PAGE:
Loss of Matt Harvey like a punch to the solar plexus
David LennonDavid Lennon
David Lennon has been a staff writer for Newsday since
In talking Monday about his injured right elbow, Matt Harvey made it sound as if a partially torn ulnar collateral ligament didn't hurt all that much.
Fatigue, sure. Discomfort, no doubt.
Part of that is Harvey is a throwback type of pitcher who takes a line drive off the chest, then shoos the trainer away like a hot dog wrapper twisting in the breeze. But in the grand scheme of things, he's right.
Harvey may be the one ultimately headed for surgery, but it's the Mets who are feeling the pain.
Regardless of when Harvey first felt weakness in the forearm or whatever the timetable was to get it checked, there was no way for the Mets to adequately brace themselves for the results of Monday's MRI.
Harvey was nothing short of everything the organization had dreamed of this season. Sports Illustrated cover boy. A viral sensation from his man-on-the-street bit for Jimmy Fallon. Harvey didn't just start the All-Star Game, he did it at Citi Field. The Mets looked at Harvey like a proud, adoring grandparent would -- and they needed him for reasons beyond that every fifth day.
Of course, Harvey was great then, too. Among the best, a serious Cy Young contender. And it wasn't just getting people out. Harvey, capable of touching triple digits on the radar gun, dominated. He made the Mets matter again. He gave them a national presence. He gave them something no one else in the major leagues had.
They had Matt Harvey and you didn't.
We know the Mets. We've witnessed the frustration, the failed signings, the collapses. Always the punch line for David Letterman. But Harvey was changing all that. In toting that microphone around Bryant Park for Fallon, the winking Harvey was in on the joke, and the Mets could laugh along with him.
So imagine how Fred and Jeff Wilpon and Sandy Alderson and Terry Collins felt Monday when Harvey was cruelly snatched away for this season and possibly next year.
Actually, you probably felt that way, too. All along, we've been led to believe that 2014 was the goal, the return to respectability, the start of a new era -- and a big reason for that was Harvey.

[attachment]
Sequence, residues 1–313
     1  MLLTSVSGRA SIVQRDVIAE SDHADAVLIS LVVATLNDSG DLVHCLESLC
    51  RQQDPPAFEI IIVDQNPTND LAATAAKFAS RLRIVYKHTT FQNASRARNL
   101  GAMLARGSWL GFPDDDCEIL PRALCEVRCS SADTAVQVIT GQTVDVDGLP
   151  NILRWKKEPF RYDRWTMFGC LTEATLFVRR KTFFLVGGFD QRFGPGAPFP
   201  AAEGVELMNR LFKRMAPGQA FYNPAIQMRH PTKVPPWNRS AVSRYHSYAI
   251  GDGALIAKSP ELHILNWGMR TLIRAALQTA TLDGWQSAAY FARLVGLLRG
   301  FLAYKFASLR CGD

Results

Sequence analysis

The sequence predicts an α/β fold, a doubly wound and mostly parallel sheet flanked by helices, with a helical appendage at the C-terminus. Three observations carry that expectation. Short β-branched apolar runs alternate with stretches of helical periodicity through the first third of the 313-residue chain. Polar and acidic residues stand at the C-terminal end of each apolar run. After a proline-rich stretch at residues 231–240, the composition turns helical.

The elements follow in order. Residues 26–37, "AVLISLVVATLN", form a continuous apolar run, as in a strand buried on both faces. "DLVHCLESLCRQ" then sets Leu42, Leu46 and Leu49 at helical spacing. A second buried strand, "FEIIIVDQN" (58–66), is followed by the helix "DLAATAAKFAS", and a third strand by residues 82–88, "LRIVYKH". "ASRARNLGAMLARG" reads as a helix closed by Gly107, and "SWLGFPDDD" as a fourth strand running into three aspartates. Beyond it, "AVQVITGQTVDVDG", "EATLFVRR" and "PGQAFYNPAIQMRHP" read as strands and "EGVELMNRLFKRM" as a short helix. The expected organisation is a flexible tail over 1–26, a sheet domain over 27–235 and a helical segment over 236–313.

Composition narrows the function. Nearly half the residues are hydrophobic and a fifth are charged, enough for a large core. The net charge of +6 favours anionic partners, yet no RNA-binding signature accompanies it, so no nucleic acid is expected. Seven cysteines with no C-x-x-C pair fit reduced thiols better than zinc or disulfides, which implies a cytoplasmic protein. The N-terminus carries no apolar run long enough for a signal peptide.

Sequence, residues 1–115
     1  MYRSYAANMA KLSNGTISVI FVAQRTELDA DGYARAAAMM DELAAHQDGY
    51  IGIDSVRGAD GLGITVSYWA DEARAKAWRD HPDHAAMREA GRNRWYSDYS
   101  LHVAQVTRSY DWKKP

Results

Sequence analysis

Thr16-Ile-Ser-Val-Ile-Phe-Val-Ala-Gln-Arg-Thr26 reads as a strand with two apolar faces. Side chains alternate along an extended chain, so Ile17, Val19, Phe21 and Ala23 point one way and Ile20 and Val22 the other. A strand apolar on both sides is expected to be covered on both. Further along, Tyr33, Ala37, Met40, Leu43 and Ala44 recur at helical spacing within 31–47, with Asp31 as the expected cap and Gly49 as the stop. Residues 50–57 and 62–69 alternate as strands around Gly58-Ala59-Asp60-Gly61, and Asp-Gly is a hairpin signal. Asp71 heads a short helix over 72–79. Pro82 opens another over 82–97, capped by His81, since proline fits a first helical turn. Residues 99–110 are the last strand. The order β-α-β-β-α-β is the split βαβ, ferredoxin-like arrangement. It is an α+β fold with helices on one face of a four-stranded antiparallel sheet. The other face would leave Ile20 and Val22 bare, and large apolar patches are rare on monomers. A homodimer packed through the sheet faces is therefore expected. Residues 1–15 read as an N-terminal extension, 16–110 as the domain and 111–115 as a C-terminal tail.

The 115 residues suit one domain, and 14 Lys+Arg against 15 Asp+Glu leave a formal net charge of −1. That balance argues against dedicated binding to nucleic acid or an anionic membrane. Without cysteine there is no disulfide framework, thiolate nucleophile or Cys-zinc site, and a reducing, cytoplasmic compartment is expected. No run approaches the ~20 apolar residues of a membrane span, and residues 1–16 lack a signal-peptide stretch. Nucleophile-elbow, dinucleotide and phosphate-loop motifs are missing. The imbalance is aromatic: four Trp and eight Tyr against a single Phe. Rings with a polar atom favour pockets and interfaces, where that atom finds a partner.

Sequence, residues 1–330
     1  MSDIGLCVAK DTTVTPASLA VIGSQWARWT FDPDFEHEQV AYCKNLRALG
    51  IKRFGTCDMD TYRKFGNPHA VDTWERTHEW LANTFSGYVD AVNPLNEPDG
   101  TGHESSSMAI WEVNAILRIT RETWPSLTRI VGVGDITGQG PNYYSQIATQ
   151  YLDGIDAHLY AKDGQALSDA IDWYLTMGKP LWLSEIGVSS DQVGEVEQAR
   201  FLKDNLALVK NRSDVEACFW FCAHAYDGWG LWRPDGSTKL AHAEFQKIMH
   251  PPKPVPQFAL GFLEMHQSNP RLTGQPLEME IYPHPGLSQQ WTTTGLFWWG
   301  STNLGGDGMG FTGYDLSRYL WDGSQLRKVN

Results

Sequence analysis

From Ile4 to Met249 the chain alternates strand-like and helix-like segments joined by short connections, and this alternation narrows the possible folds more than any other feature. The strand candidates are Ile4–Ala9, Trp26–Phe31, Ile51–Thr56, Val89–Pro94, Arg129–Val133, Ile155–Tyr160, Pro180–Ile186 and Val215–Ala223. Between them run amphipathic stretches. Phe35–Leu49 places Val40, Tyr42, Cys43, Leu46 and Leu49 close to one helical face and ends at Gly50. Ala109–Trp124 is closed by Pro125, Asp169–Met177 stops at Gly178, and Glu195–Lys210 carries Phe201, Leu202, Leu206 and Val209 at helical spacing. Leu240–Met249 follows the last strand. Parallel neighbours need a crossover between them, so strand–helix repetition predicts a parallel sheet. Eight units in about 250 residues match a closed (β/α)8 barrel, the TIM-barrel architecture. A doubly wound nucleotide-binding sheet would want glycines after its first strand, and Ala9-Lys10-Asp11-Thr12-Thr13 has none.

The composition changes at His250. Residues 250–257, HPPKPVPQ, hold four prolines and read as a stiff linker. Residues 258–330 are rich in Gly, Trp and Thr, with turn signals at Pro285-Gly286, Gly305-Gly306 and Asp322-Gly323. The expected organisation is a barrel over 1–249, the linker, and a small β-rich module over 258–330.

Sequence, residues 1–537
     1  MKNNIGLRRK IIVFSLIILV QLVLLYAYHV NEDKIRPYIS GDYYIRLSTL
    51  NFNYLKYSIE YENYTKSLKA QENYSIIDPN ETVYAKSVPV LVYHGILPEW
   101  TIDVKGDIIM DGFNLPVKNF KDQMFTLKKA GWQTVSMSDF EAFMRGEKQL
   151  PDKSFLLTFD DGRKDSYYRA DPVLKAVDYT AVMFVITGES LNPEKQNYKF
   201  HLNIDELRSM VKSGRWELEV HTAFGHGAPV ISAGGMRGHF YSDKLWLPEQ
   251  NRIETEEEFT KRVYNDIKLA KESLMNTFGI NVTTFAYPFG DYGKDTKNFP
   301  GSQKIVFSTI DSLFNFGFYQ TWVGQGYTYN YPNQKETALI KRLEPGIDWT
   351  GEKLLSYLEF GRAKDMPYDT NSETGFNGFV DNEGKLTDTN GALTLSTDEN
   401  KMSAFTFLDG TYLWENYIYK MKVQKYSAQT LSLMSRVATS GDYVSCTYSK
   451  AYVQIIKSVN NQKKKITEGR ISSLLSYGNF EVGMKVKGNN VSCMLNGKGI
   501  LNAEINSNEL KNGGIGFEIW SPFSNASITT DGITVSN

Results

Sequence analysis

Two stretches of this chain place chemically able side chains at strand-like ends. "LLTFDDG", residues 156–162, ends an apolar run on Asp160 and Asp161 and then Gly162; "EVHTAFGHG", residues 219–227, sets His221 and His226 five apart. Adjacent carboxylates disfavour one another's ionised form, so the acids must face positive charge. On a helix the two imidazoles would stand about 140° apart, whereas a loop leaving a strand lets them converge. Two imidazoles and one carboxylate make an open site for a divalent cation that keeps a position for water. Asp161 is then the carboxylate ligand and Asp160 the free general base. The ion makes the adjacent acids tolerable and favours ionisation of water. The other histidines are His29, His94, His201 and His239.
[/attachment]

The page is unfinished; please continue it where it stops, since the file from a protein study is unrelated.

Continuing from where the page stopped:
Was there anyone else in baseball you'd rather build your rotation around? Harvey was that true No. 1, and the Mets had Zack Wheeler stacked behind him with Noah Syndergaard destined to follow at some point in 2014. Other teams finally were envious of the Mets for something, and it isn't a stretch to say that Alderson's head bowed slightly during Monday's news conference.
"It's unfortunate from Matt's point of view and it's unfortunate from the standpoint of the organization," Alderson said. "There's no question about that. On the other hand, these are the kinds of things that happen in the game. And the successful teams, the successful organizations, respond to these setbacks."
Calling what happened to Harvey a "setback" doesn't seem to do it justice, though. David Wright's strained hamstring is a setback. Ike Davis' Triple-A demotion was a setback. Suddenly plucking Harvey from the rebuilding process, for however long, is like getting broadsided by a hurricane.
It's more than just the loss of Harvey. His injury detonated the club's plans, including an offseason blueprint that was supposed to rely on using the Mets' pitching stable as currency in the trade market. Now Alderson must reconsider that strategy as he looks to shore up the team's weaknesses -- in addition to finding a replacement for Harvey.
"In terms of our timetable, it certainly will have an impact," Alderson said. "We're fortunate we have a lot of pitching depth in our organization. So that gives us perhaps a leg up in responding to this. But this is what many successful teams must go through from time to time. For us to expect not to go through it from time to time would be unrealistic.
"The news was tough today. There's no question about that. And the full implication of it probably has not yet been felt."
No doubt. Only a handful of players over the years have been as important to the Mets' self-esteem as Harvey is, and it feels as if they never have needed someone like him as much as they do right now.
Forget what Harvey said. This really, really hurts. The pain is real. For everyone.